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It is important to make sure you are across the detail of your Superannuation Guarantee obligations for your employees.
In today’s diversified labour market, your workforce may comprise a mix of full-time and part-time staff, contractors, casuals, employees on parental leave, trainees, consultants, and even foreign nationals on working holidays.
It is important that your business is across the detail of what your employees are entitled to, or partner with someone who is.
Here’s some common questions from employers that may help you make sure you are meeting your Superannuation Guarantee (SG) obligations.
The Australian Tax Office has a comprehensive online course designed to steer employers in the right direction to meet their SG obligations.
Good super funds will also have staff to help employers who select them as their default fund to navigate their super responsibilities.
QSuper has a dedicated Employer Solutions team to help you meet your SG obligations.
You must pay superannuation for workers when they meet eligibility criteria. Under new legislation1 effective from 1 July 2022, this includes paying Superannuation Guarantee contributions for workers earning less than $450 a month. The legislation removes the $450 monthly income threshold for super contributions.
Contractors are eligible for super if the majority of the dollar value of what they are supplying is their labour.
Workers who are already receiving a pension or annuity through super are still entitled to receive SG payments, as are temporary residents, who can reclaim money paid into a super fund on their behalf when they leave the country.
If you send an employee overseas to work, you must still pay their super entitlements, and the same goes for any family members contributing their labour to your business.
From 1 July 2022, if you employ someone under the age of 18, you must pay SG contributions on their earnings if they work more than 30 hours per week, irrespective of their monthly level of earnings. This follows the removal of the $450 monthly income threshold for super contributions under legislation that will come into effect from 1 July 2022.
Employers can apply for a certificate exempting them from paying the Super Guarantee if they engage the services of a highly paid individual who has two or more employers and is likely to exceed the concessional contributions cap, which was increased from $25,000 per year to $27,500 per year from 1 July 2021.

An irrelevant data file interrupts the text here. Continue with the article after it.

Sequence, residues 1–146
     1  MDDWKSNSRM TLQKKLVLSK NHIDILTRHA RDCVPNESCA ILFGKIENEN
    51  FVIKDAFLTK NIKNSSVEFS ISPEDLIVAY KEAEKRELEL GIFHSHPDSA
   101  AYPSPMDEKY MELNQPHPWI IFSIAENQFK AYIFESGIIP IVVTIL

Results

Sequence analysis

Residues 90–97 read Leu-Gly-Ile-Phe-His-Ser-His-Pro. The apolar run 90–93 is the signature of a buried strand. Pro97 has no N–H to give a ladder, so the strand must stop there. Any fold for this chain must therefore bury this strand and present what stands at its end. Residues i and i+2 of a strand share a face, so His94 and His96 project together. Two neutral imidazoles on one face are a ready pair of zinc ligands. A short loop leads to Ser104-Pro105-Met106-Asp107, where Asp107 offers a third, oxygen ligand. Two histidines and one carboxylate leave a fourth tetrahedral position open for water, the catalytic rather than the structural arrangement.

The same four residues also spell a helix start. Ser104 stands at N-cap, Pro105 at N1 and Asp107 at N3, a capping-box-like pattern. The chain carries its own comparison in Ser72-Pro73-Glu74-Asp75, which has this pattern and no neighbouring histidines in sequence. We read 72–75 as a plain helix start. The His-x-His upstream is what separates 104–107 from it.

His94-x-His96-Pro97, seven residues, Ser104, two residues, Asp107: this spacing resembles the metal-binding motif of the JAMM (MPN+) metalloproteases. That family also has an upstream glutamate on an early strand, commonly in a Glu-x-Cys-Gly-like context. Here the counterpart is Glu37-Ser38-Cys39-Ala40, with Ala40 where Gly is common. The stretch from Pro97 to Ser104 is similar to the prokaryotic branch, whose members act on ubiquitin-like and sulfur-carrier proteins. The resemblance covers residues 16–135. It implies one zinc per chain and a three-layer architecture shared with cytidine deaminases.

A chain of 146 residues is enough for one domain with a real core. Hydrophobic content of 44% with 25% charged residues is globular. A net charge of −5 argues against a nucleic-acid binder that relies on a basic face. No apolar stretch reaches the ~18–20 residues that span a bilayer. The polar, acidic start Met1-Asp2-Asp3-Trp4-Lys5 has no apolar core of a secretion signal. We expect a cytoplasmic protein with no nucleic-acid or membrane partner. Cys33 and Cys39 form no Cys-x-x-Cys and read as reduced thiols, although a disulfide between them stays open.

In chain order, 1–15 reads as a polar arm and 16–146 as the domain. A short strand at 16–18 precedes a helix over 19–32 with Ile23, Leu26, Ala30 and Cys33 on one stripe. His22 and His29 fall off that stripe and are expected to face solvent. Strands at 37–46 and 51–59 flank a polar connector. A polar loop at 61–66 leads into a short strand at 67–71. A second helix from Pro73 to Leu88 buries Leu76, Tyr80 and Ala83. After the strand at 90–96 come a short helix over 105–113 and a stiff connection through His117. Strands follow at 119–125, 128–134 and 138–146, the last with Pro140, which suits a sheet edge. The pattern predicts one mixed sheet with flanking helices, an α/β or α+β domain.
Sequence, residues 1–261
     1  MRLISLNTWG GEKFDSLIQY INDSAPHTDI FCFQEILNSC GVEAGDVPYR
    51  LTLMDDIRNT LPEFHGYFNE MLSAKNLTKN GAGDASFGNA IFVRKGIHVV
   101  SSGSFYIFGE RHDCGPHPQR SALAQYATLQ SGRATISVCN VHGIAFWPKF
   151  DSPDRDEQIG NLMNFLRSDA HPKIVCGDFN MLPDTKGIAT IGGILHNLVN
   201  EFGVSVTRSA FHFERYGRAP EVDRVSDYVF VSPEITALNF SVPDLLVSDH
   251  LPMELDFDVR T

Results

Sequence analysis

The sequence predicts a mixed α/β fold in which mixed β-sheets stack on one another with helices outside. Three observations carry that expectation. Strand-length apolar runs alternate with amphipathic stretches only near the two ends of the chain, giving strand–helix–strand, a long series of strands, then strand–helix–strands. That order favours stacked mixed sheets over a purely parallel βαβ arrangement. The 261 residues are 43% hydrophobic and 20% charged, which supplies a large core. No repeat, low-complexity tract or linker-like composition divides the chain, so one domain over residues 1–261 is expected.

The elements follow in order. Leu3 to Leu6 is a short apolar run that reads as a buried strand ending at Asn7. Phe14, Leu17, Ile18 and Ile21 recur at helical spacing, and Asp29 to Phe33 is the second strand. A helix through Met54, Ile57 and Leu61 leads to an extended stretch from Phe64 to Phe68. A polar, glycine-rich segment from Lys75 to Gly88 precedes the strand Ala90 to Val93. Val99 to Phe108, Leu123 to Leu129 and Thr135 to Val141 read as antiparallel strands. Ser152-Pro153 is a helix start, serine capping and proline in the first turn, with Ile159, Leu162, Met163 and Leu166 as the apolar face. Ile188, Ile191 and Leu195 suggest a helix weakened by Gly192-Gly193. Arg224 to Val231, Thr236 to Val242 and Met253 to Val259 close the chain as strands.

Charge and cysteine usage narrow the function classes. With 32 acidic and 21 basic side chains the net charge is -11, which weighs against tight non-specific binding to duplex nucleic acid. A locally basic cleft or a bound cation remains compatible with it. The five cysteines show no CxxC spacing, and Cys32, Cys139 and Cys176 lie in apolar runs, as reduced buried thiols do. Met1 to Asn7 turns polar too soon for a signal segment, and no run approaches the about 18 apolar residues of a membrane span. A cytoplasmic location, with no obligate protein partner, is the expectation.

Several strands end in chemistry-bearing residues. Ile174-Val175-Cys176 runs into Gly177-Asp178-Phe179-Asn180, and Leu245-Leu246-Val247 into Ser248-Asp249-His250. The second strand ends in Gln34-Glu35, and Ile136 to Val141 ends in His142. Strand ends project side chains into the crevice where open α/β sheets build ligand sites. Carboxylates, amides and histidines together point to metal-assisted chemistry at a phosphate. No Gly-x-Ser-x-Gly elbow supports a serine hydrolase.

Workers who take up the option of paid parental leave present a cultural challenge for businesses. While they are not eligible for Super Guarantee payments during the period they are utilising the taxpayer-funded benefit, the Fair Work Ombudsman has recommended that ‘best practice’2 for employers is to maintain the super payments while the employee is caring for their new child.
As an employer, it is your responsibility to keep accurate, up-to-date records of how much Super Guarantee money you have paid for each employee, and how you calculated that figure. That applies even if you have chosen a clearing house to distribute the funds.
The records must be kept for at least five years.
You must also provide evidence that you have offered your employees a choice of superannuation fund, and that your company’s default fund offers a MySuper product.
We see our relationship with employers as a partnership, with the aim of making the management of your Super Guarantee obligations as seamless as possible.
Our Employer Solutions team is available to answer any questions.
It's easy to make QSuper your default fund. As one of Australia's largest super funds, we're big on all the things that can help your business and employees - but small on the things that don't.
More reasons to choose QSuper
1. Australian Government, Treasury Laws Amendment (Enhancing Superannuation Outcomes For Australians and Helping Australian Businesses Invest) Bill 2021.
2. Fair Work Ombudsman, Best practice guide: Parental leave, accessed 24 November 2021, at fairwork.gov.au
Employer’s guide to paying superannuation
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